A magnetic steering tool is an accurate instrument that, in many cases, can be successfully steered without a surface coil. But, a coil makes the tool so accurate that drilling without it has come to be known as drilling blind, which has been frowned upon for a couple decades. For safety, standard HDD practices dictate setting a coil when possible and not take shortcuts. The gyro cannot be tracked; therefore, using the same definition, the gyro is always drilling blind.
Just how accurate is the DC tracking method? If asked, navigators could place a dime on the ground at the point the bit will exit. DC tracked shots are so precise the HDD inspectors monitoring each survey sometimes ask the driller to pull back and correct even the slightest deviation from the proposed plan. A gyro is never held to this standard, and can’t be, because they are never sure of its actual position. This type of directional oversight supports the HDD industry’s recognition and acceptance of the magnetic steering tool’s superior accuracy over the gyro.
DC tracking vs. AC tracking
Tracking improves accuracy but not all tracking methods are equal. There are two distinctive methods of surface tracking. The most accurate is a DC method. A temporary wire, geometrically looped, in a rectangle shape, laid on the surface, usually starting and ending at the power source, basically triangulates the tool’s position in relation to the magnetic field using each side of the looped wire. With nothing more than a known away distance, the DC tracking provides a standalone precise location. The AC method uses only one side of the wire. If not placed far enough away, the return wire interferes with the other wire. In addition, AC requires the user’s interpretation and entry of azimuth and inclination, creating an ever increasing error window. Not to mention the ability to manipulate the reported location. While tracking shots become a permanent entry in the DC steering reports, AC tracking shots are often discarded then recalculated, after the bit’s exit is determined, proving the original surveys were inaccurate to begin with. For those only familiar with AC and its questionable accuracy, the gyro is somewhat comparable. This isn’t the case with DC tracking. DC is far more accurate than AC or a gyro.
Size and Durability
There are major differences in types and brands of instruments used in the various magnetic steering tools. Some are better than other but, as in most cases, you get what you pay for. The magnetic steering tools are generally very durable, about 3 ft in length and 1 ¾ in. OD. They can be used in all but the smallest of HDD applications. They are in the 35-lb weight range and can be flown or shipped with relative ease. The gyro is housed in a large, steel sub, approximately 8.5 ft in length and weighs up to 1,200 lbs. Gyros, by comparison, are sensitive to shock/vibration and it often takes multiple tools to complete a rock job.
I understand the gyro operator will not survey an HDD job and require the contractor to provide entry and exit coordinates. This will require the contractor to hire a surveyor or obtain the coordinates from some other source. Any errors are not the problem of the gyro operator. Most magnetic steering tool service companies use the onsite navigator to survey and set up a job and this is usually done while the crew is setting up the rig.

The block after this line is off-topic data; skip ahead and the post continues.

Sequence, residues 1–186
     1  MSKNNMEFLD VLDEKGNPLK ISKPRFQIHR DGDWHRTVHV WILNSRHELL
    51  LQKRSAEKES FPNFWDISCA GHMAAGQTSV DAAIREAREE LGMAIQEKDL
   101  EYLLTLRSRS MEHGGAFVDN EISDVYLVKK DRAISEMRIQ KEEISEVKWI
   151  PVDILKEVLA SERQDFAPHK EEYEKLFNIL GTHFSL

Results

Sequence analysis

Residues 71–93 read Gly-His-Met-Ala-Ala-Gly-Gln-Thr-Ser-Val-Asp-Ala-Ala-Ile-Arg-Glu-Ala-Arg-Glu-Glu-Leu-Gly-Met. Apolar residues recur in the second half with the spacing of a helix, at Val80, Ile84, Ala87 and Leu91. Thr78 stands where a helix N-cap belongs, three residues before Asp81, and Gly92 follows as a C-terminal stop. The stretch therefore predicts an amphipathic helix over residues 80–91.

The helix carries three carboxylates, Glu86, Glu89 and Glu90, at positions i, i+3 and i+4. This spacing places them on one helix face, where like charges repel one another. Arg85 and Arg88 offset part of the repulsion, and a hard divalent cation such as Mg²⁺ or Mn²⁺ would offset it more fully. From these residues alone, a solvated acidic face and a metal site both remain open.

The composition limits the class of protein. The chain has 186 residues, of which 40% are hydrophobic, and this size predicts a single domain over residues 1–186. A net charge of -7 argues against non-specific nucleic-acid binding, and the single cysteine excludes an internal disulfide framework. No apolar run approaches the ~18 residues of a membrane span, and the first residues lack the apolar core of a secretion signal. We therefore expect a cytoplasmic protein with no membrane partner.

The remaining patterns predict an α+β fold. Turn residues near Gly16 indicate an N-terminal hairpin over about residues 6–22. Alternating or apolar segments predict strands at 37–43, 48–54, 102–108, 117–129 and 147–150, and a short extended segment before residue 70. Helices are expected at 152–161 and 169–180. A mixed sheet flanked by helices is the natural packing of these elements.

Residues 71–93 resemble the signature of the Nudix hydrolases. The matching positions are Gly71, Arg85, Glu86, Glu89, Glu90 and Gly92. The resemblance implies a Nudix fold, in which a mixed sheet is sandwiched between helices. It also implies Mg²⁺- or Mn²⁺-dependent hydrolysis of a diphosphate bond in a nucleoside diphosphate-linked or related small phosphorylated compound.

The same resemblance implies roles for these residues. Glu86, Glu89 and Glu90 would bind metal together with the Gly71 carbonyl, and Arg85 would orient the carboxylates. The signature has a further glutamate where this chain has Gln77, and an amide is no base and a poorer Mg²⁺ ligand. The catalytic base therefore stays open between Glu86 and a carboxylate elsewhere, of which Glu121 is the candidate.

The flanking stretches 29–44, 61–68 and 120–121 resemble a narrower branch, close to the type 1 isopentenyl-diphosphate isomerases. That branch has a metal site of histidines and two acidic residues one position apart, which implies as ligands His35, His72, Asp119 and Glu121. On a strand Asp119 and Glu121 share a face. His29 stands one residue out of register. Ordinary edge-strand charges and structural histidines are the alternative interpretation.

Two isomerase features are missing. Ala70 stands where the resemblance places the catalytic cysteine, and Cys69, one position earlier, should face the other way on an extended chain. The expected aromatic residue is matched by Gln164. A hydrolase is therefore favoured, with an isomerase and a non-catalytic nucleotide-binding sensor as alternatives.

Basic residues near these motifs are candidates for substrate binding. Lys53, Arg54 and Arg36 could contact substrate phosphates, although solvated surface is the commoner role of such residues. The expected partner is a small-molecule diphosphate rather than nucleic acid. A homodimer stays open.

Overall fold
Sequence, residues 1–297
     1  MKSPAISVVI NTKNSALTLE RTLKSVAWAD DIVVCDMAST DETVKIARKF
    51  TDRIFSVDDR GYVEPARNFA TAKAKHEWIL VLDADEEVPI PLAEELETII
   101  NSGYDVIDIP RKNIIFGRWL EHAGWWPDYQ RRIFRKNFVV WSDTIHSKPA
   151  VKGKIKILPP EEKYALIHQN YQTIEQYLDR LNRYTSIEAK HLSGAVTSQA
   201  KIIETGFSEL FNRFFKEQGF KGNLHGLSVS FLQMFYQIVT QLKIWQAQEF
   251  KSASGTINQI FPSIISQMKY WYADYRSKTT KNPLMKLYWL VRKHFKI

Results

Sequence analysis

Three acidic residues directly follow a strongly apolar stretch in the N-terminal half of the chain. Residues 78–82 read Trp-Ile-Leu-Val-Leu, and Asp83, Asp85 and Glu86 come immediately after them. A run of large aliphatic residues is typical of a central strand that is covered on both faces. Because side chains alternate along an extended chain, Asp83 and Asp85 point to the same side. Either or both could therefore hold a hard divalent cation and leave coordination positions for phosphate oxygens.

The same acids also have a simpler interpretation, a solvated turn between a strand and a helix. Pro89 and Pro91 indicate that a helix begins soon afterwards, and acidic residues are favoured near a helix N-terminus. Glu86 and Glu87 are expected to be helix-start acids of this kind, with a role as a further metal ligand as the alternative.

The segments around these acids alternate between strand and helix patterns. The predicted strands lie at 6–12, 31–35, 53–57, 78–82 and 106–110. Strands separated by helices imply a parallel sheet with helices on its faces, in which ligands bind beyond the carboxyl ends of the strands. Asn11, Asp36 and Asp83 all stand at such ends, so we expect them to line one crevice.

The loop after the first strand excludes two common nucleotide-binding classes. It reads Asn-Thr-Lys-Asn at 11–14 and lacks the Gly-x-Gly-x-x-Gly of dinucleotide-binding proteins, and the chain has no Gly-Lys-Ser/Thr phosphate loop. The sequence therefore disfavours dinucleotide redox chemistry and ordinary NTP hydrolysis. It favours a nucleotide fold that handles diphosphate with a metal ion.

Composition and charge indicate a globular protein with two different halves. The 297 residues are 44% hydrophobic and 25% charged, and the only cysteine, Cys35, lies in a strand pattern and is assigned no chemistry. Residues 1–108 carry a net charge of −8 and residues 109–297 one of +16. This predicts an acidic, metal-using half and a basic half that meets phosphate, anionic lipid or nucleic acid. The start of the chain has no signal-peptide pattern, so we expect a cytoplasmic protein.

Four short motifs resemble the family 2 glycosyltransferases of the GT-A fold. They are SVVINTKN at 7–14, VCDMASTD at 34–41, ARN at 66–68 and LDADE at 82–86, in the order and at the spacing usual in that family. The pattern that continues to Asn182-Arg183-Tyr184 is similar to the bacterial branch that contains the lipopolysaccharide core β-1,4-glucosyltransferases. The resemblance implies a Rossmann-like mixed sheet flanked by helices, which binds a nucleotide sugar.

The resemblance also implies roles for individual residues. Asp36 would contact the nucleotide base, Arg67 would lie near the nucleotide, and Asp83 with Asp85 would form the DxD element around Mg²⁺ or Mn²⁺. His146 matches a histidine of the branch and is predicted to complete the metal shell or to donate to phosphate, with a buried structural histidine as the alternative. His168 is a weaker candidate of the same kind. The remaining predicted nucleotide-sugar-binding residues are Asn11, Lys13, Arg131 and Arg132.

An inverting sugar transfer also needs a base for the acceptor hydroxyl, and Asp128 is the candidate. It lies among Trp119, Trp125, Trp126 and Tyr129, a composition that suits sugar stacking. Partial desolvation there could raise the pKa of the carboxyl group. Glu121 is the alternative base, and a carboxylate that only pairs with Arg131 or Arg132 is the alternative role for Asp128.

The importance of well trained, experienced steering technicians/navigators cannot be over stated. Training never ends and annual proficiency verification is critical. There is no shortcut to experience.
Due diligence is not only selecting the most accurate steering method but to consider the entire package: The training and experience of the systems operator, not to mention ongoing technical support from the steering company’s office. Another consideration is the job completion package. Do the post-bore records and data provide industry recognized proof of where your product line is located? It should, after all, that is all you have.
Not all steering technicians work directly for the company you are hiring complicating insurance coverage and liability issues. Some steering companies employ independent contractors or share navigators with other companies having little influence toward their training or knowledge of their experience.
The HDD industry’s focus on safety, while displaying a lack of attentiveness to the accuracy of various steering methods, is a conflict. The good news is that this is a result of great growth and wonderful opportunity. While the HDD boom started as a result of precise steering capabilities the trend has been toward an acceptance of less accurate methods, if they are claimed as “new technology.” Paying more for something less accurate shouldn’t be acceptable. Comparing one type of tool to another isn’t practical if you fail to compare the accuracy of the entire method. When planning an HDD project, safety should be factored in all decisions.
The goal should be safety, therefore accuracy. Proven practices and procedures continue to be the foundation for success. Take the time to do it right applies to every other type of construction, yet steering shortcuts are often accepted and sometimes dictated, by self-proclaimed HDD experts. Knowledge of steering methods and its capabilities is a good indicator of actual HDD experience. Those who maintain a level of skepticism and research the facts will avoid future problems with steering and location for their clients.
Author’s Note: A rough draft of this article was sent to numerous veteran HDD experts including experienced navigators, current and former. Based on their replies, edits were made and some points were clarified. None disagreed with the paper’s theme. To highlight the fact that HDD steering is as much a political issue as a study of facts, some asked that their names not be mentioned. I thank each of them for their help and the sharing of their HDD knowledge.